Conspicuous Consumption

By Christopher Zoukis

According to the psychologists we presently reside in an age of diminishing expectations.  And since all of us are products of this enormous bubble called the ‘social reality,’ we don’t expect much.  We actually believe that the future is “selling less of more.”

In other words, we expect little from life, society and our culture.    

            A syllogism:

            The poor get poorer                               

            The rich get richer

            The poor shop at Wal-Mart.

We become self-fulfilling prophecies.  Because we expect little, we get less.  What we get is:  Wal-Mart, Home Depot, Costco, and other retail behemoths.  These monstrosities are the cancers of an economy based upon mass production.  And mass production demands organized consumption and leisure – “the culture of consumption.”

The media becomes the messenger, and the message is this:  you have needs of which you are unaware, and unless these needs are met you will be unhappy, dissatisfied and unfulfilled.  Advertising informs your ignorance; it “is the method by which the desire is created for better things,” said Calvin Coolidge.

The prevalence of advertising, MTV, reality TV and the cult of celebrity have forged a society dominated by appearance and fame.  Image is everything.  Value as a human being now rests upon the pivot of prestige, the illusion of prosperity, the chimera of fame.  Indeed, advertising no longer peddles products; now it produces its own product:  consumption.  Consumption is presented as a way of life.  ‘Get a life’ means go out and buy some stuff.  Stuff will make you happy.  In fact, stuff – like computers, PDAs, I-pods, big-screen LED/LCD televisions, cars, clothes, etc., will cure your loneliness, sickness, weariness and sexual discontent.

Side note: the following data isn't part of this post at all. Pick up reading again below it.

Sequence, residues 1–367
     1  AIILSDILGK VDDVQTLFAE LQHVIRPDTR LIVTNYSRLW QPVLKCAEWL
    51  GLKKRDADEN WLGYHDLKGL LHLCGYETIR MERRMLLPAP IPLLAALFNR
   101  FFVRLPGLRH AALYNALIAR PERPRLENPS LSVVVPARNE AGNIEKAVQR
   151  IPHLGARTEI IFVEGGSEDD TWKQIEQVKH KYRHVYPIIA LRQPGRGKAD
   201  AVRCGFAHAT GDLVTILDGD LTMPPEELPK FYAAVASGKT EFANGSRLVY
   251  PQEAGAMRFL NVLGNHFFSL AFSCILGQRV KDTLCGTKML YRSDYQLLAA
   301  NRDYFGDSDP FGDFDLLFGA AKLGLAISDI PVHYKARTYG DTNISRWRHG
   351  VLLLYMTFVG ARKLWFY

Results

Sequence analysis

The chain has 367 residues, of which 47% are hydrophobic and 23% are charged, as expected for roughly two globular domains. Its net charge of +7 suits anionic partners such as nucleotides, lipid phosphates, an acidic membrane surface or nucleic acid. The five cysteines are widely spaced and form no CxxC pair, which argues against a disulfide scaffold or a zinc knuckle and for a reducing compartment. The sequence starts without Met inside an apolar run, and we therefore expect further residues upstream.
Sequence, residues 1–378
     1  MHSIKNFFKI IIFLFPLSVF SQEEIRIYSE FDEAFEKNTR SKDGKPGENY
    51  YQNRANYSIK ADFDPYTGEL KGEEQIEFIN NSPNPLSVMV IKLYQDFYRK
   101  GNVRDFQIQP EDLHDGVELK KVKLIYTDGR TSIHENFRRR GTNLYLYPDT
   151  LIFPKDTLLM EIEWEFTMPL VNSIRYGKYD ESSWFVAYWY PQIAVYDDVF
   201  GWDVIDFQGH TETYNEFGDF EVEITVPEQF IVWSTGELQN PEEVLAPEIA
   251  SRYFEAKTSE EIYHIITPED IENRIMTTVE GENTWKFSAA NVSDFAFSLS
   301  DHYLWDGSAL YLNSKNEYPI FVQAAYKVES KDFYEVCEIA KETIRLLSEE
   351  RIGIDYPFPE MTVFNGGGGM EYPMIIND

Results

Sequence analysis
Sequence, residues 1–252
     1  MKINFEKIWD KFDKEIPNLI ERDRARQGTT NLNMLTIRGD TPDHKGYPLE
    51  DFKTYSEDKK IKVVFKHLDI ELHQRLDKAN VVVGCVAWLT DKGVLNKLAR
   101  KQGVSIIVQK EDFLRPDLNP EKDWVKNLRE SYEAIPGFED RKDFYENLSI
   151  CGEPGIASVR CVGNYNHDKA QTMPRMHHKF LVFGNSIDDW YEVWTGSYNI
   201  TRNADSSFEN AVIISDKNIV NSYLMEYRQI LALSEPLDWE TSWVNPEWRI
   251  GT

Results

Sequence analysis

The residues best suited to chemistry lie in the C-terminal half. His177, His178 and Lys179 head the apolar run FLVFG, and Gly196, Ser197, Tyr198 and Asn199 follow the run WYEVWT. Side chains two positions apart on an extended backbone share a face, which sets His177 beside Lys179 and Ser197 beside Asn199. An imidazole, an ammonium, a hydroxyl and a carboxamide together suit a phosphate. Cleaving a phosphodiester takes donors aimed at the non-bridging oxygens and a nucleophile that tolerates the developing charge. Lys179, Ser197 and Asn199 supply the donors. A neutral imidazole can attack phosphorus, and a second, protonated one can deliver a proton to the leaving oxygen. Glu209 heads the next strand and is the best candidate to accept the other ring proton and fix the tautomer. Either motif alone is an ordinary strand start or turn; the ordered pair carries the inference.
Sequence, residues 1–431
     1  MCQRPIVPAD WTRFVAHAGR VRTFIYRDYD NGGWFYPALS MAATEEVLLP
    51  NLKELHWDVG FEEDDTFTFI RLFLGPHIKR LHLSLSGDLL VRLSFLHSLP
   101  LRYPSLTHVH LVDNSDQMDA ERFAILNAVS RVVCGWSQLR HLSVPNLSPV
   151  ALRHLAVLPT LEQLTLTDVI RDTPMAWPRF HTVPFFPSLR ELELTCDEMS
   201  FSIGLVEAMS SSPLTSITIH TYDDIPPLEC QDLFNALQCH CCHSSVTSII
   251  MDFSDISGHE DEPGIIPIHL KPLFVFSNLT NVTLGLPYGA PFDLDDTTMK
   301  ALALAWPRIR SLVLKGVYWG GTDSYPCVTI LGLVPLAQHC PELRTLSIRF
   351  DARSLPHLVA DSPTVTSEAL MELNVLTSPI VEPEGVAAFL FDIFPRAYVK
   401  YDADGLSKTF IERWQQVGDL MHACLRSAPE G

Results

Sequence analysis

Do you feel empty?  Stuff will fill the void.  Maybe a trip to Hawaii, where you will be surrounded by pristine beaches and beautiful scenery; or maybe a new car will make you happy.  And if it doesn’t, well at least it will make your friends and neighbors jealous.  And that will make you feel better about yourself.  Right?

Wal-Mart has what you need to change your dull, bland life.  And there’s one right down the road.  Do you envy your neighbors?  Wouldn’t you rather they envy you?  Of course you would!  Wal-Mart can solve your problem.  Go buy some stuff. 

However, what they don’t tell you is that these behemoths aim at the domination of a class, a domination that recognizes no overriding supremacy of personal freedom.  Succumbing to such advertisements is nothing but an inward abdication and resignation, or a craven hope of escaping reality by means of the ‘mysticism of stuff.’

Rich people don’t shop at Wal-Mart.  They’d rather be found dead in a ditch.  Rich people shop at high-priced, exclusive emporiums such as Nieman Marcus, which compared to Wal-Mart is a boutique. 

Jesus was right.  You can gain the world – have tons of stuff – and lose your soul.  There’s a lot more to being a real human being than driving a BMW or wearing Abercrombie & Fitch clothing. 

How about just being nice?